Ho.Bo: Vol. I Excerpt
I wanted to post some excerpts from my first fiction book for those who either didn't know I wrote a fiction book or perhaps didn't think they'd like it. If you like what you've read, and want to see more, click on the "My Books" tab at the top of the page. And thank you.
As long as what you are afraid of is something evil, you may still hope that the good may come to your rescue. But suppose you struggle through to the good and find that it also is dreadful? How if food itself turns out to be the very thing you can't eat, and home the very place you can't live, and your very comforter the person who makes you uncomfortable? Then, indeed, there is no rescue possible: the last card has been played.
-C. S. LEWIS, Perelandra
Barachiel scanned the dark skies below him cautiously; he knew this would be his most dangerous assignment yet. He had been flying above the earth for hours now, seeking a point of entry, but the enemy had the planet’s atmosphere locked down behind a seemingly impenetrable defensive network. They know something is afoot, he thought, referring to the frenzied activity of fallen angels below him. His mission was to protect a human; an unredeemed man by the name of Tristan, but for what purpose, he did not yet know. Then he saw what he was looking for, as a small opening appeared over the Indian Ocean.
He lowered his wings and leaned forward to sharpen his angle of attack. He then reached out as if to grab the air in front of him and immediately shot forward like a bolt of lightning. He plunged into the Indian Ocean at a speed virtually undetectable to the naked eye. Although he knew another angel could not kill him, he could be unnecessarily delayed or potentially thwarted should the adversary get wind of his assignment. Thus, he decided to trade speed for discretion as he plunged into the ocean’s surface.
The air was the primary domain of Satan and his fellow fallen angels. Angels could not kill each other, but they could fight, delay, and repel each other when time was of the essence. He knew he could survive in any physical environment; however, moving underwater would afford him better concealment from the enemy as he advanced towards his objective. Although Barachiel could move underwater at incredible speeds, he decided slower was better. This was not due to friction or obstacles; the world’s oceans and seas had their own, unique perils.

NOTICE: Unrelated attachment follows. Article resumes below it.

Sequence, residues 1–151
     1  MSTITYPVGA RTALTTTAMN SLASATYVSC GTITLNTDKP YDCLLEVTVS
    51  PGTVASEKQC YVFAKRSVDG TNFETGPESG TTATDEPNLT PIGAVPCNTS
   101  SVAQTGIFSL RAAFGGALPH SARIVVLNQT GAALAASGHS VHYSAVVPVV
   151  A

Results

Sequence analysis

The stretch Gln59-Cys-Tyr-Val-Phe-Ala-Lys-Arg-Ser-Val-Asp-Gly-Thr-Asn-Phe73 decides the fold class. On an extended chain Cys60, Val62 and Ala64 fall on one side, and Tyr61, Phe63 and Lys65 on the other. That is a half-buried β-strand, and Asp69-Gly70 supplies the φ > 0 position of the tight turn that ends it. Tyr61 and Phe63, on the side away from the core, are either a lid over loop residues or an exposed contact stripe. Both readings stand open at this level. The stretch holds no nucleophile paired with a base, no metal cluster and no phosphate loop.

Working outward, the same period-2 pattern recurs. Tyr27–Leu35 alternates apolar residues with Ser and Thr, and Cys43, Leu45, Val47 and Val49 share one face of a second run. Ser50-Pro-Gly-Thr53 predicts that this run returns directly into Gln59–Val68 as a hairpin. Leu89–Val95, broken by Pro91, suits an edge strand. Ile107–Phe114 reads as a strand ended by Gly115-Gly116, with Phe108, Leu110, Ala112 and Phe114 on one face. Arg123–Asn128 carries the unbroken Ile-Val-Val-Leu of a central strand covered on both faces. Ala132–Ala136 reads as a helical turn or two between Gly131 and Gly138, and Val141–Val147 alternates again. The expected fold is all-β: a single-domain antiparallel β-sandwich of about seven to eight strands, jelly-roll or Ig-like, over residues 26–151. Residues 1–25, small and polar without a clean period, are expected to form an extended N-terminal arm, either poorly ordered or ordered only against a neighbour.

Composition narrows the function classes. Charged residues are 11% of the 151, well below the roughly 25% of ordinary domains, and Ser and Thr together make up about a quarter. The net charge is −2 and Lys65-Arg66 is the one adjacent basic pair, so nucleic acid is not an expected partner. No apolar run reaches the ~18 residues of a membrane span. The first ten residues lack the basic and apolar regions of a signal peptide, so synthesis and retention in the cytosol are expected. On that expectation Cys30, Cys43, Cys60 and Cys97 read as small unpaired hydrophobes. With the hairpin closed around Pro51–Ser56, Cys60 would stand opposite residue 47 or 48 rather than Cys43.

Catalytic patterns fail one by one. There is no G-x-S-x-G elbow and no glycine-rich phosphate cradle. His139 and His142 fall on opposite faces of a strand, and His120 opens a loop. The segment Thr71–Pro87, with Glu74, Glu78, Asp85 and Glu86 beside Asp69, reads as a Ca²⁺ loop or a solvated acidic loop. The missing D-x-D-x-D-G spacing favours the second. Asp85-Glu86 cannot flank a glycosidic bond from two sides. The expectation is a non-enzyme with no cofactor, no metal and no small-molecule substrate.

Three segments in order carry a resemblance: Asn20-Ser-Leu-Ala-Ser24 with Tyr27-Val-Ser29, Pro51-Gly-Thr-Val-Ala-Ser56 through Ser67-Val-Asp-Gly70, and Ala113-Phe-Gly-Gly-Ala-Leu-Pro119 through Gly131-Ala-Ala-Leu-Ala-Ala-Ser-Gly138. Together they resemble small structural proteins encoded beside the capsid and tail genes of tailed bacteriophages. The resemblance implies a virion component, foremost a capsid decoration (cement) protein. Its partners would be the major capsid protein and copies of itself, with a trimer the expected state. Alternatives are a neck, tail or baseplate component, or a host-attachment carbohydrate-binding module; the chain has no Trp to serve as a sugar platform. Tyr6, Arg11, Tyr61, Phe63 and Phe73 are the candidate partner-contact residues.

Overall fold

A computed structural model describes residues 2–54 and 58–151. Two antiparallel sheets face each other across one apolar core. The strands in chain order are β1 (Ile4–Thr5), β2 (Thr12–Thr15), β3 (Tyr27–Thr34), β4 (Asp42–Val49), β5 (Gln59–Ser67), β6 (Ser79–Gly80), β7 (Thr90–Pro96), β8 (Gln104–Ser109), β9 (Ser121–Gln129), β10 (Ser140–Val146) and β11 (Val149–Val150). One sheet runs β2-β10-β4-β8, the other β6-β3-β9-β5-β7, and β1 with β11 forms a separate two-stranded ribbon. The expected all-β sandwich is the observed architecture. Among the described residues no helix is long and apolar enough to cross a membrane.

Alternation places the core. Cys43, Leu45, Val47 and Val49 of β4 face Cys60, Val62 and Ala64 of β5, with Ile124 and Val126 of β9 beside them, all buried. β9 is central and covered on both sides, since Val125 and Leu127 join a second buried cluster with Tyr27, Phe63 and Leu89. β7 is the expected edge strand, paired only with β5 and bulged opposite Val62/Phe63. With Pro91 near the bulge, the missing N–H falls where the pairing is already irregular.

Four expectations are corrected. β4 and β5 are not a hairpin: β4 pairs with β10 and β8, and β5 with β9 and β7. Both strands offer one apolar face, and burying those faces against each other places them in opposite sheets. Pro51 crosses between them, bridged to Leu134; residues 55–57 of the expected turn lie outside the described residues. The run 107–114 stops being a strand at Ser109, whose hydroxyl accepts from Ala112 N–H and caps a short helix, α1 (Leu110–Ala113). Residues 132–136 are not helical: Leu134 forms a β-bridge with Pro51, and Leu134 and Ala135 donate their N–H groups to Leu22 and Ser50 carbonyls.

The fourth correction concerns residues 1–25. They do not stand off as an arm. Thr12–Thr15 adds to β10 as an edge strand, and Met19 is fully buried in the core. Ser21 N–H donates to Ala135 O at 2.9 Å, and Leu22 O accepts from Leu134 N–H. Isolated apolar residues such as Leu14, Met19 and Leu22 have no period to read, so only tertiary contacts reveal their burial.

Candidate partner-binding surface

The angelic hierarchy is incredibly complex for both the holy and fallen angels. Most fallen angels chose to live in the second heavens, i.e., the earth’s atmosphere. They do this because they know what dreadful future awaits them in the end the eternal blackness of hellfire. Given the choice, most chose to avoid anything that reminded them of their dark, dreadful fate for as long as possible. However, some did not. This told him that on one hand, while nefarious and malevolent, at least the airborne fallen angels had enough common sense to enjoy their freedom while they still had it. This also told him that those who chose the darkness of the ocean deep were completely insane.
Out of the complex hierarchy of fallen angels, the water dwellers, or Leviathan as they called themselves, were only slightly better off than those already confined to the abyss. They lived in the unexplored places of the ocean deep.
They especially delighted in causing disasters at sea and stirring up massive storms that wreaked havoc upon the islands and coastal cities around the world. Although he had never fought one, those who had told him their centuries in the dark, watery, underworld had warped them beyond recognition. Still, there were far fewer Leviathan, so his odds of traveling undetected and unmolested were better than moving through the atmosphere.
Just then, he saw movement out of the corner of his eye. He drew his sword and spun around to see his brother in arms, Turiel, drawing up beside him.
“Greetings in the name of the Father,” Turiel said.
“Greetings, brother,” Barachiel replied, “in the name of the Son.”
“And in the name of the Holy Spirit,” they both replied in unison.
“What brings you here?” Barachiel asked.
“I am sent to accompany you to your target,” he replied. “You have dangerous roads to travel.”
“I am glad for your company, and will gladly take it as long as you can give it. The deep waters are not a nice place to be.
“Neither is where you are headed,” Turiel said.
“Yes, the Hindu-Kush Mountains; I am to wait there until my mission arrives.”
“Ah, deep in enemy territory. Let us pray the Prince of Persia does not find out about your arrival or your mission ahead of time. I think my follow-on mission is connected to yours somehow.”